If you are considering buying or selling a business, you’ll want to be familiar with potential legal issues that may arise, including valuation, how the transaction will occur, allocation and taxes, and more. Consulting with a business attorney well-versed in these matters is a smart first step.
As you begin to consider a sale or purchase of business assets, be sure to insist that all parties involved sign a confidentiality agreement. This protects the seller’s proprietary information and rights. Once this has been handled, you’ll want to begin the valuation of the assets. A sale of assets should list specific assets and liabilities, as well as include language that no other liabilities are being consumed. This list is often attached to the purchase agreement.
Ways to Value a Business
There are several ways to value a business and the particular method used is often negotiated among the parties. For instance, you might utilize a market-based evaluation, which is based on the sale prices of similar businesses in the area. Another method is asset-based valuation, which focuses on the book value and liquidation valuation of the business. These are often considered the minimum valuation amounts, as they typically do not consider the “goodwill” of the business. Finally, the parties might decide to use an earnings-based evaluation, which takes into account historical financial figures, such as debt payments, cash flows, and revenues.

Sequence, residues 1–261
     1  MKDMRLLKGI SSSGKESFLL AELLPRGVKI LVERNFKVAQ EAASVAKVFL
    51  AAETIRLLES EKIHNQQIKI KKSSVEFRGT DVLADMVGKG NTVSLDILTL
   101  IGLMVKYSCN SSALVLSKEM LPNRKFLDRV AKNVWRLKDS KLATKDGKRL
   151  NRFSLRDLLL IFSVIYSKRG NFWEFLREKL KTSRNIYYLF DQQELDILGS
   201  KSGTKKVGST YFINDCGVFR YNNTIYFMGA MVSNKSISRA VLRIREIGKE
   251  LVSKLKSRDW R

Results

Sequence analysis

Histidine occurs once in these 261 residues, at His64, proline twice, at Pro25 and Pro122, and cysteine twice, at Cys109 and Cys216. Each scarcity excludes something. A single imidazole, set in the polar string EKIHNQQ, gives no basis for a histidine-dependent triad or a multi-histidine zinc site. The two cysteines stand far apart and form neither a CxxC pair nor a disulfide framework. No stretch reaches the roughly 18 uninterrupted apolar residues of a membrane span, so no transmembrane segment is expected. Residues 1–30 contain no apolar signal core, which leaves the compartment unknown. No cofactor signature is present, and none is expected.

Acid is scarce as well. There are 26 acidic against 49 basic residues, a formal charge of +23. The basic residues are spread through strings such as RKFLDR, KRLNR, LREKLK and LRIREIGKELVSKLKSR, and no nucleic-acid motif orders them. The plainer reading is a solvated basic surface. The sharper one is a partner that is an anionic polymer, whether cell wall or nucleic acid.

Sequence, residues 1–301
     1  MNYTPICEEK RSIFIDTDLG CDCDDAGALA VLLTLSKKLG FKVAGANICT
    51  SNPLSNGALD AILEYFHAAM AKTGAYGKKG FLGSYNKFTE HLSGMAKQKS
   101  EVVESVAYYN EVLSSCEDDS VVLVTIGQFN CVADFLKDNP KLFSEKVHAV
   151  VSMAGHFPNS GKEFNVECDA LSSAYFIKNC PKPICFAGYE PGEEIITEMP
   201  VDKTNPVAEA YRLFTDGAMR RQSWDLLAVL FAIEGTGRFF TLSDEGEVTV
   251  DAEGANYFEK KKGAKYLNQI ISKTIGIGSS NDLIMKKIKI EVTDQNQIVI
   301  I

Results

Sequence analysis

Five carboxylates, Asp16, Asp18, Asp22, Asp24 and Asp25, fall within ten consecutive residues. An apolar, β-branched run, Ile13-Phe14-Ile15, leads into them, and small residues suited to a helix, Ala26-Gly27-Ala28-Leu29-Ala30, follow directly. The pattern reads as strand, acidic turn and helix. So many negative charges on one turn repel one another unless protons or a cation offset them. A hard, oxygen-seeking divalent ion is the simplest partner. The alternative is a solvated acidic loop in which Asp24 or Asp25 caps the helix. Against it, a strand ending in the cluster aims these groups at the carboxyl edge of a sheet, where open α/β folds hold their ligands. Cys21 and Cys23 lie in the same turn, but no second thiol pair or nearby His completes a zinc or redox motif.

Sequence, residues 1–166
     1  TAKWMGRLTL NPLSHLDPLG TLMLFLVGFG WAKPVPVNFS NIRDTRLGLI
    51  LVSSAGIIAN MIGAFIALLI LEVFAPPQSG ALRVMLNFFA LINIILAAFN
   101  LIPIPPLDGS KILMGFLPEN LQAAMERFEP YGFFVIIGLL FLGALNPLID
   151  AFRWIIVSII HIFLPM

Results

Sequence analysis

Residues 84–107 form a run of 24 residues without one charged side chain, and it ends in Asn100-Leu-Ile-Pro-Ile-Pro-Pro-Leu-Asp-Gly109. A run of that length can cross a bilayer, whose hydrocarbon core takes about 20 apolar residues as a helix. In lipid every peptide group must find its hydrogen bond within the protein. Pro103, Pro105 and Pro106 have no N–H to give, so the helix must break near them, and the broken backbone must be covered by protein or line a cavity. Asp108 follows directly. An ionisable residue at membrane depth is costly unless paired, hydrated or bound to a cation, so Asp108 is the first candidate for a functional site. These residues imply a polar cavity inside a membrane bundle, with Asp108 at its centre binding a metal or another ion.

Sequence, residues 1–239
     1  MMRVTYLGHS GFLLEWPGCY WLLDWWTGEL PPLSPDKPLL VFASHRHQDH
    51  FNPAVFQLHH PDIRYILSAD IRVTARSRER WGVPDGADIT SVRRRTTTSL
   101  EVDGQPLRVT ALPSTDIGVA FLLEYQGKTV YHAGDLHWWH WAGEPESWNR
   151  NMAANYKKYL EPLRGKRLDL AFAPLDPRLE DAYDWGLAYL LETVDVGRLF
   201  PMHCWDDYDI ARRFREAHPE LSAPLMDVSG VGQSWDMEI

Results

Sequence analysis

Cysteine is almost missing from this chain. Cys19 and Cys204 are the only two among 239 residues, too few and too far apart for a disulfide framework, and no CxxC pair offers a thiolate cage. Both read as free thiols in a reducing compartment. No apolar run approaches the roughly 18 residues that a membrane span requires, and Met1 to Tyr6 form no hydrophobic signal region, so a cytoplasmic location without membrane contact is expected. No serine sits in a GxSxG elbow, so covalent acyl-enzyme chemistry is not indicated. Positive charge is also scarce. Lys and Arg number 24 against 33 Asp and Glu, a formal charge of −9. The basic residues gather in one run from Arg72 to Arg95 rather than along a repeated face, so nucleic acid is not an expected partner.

Another consideration is the type of transaction that will occur, which will either be taxable or tax-free. In a taxable transaction, the seller must pay income tax to the extent the consideration (payment for the assets) is greater than the tax basis of the seller’s assets. The buyer receives a “stepped up” basis in the assets or stock. This has numerous advantages, including that the buyer may benefit from bigger depreciations and amortizations for the cost of appreciated buildings, equipment, and intangibles, and that little or no income will be recognized when the target collects receivables and sells inventories. In a tax-free transaction, the main consideration is not money but stock. This type of transaction generally occurs when two companies merge. The seller benefits from a tax-free sale of stock, whereas the buyer buys the seller’s low tax basis.
Other considerations involve the allocation of sales tax, who will be responsible for existing liabilities, and whether there will be indemnification in the event of litigation arising out of transactions occurring before the sale.
For more information on the sale or purchase of business assets, contact experienced business attorney Drew E. Pomerance today.